Marketers, digital designers and developers are all struggling to keep pace with the rapidly changing digital landscape and the evolving expectations and behaviours of consumers. New devices bring new challenges in designing experiences which span many devices and platforms.
In a world where the variety of internet connected devices is rapidly increasing a design technique called ‘responsive design’ offers designers and developers a forward-looking approach that, done well, provides a great user experience for users across devices.
Responsive design and how it works
Responsive design is a way of designing and building flexible websites which respond to the limitations of each platform. So, instead of having to design multiple websites for every device and platform, you create one website which automatically adapts to the device in use.
It works by using the same underlying HTML content on the page, then adjusting the CSS layout when the screen size changes. A responsive website may look different on a phone to how it looks on a tablet, but the content is static and therefore the same. Think about it like a chameleon changing its colours; it may look different depending on the environment, but it’s still the same animal underneath.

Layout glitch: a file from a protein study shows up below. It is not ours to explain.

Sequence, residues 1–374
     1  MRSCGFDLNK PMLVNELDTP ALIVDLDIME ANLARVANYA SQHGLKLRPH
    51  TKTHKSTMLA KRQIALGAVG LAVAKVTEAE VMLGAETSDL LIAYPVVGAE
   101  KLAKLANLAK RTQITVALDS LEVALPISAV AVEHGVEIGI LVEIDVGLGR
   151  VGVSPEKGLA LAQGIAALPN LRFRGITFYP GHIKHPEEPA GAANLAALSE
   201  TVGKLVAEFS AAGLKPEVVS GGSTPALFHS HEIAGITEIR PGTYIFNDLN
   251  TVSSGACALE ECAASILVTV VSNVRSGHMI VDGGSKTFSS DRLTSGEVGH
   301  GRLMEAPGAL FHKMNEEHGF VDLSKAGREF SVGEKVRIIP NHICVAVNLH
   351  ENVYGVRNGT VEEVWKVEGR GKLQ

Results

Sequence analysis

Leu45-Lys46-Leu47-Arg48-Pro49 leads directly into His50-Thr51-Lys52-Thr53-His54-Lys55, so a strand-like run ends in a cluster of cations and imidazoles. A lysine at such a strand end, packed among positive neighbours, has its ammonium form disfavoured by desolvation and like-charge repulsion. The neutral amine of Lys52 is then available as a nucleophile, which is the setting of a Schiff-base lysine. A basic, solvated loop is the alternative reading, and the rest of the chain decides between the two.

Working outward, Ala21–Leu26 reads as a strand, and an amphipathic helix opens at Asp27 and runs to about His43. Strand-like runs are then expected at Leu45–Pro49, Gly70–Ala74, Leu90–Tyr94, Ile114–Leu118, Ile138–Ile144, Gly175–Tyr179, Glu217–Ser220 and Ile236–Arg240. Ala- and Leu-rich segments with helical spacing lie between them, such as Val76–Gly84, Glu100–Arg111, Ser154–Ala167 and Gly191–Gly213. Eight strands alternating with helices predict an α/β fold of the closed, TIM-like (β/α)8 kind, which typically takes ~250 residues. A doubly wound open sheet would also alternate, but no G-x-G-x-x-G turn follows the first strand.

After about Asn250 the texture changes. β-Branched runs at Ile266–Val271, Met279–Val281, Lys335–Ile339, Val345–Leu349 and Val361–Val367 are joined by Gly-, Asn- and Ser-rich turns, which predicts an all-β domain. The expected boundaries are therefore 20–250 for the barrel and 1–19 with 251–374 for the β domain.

The Boston Globe website is a great example of responsive design in practice. Open it on different devices or simply resize your browser window and you can see how the layout and content adjust.
This approach has two main benefits:
The best way to build a responsive website is to start with the mobile layout, a technique often called ‘mobile first’. This encourages you to focus on a few pieces of core content and functionality, rather than having the luxury of a large screen to play with. Deciding what’s most important can be a difficult process, but the end result is a more focused product.
Responsive design will take time to mature, but it is clearly a technique which will become widespread. While a separate mobile site will remain the best option for some websites, the majority can benefit from a responsive design.
I joined Foolproof in 2010, having studied Computer Science at the University of Nottingham. While my degree was a technical one, my primary interest is design - how it a...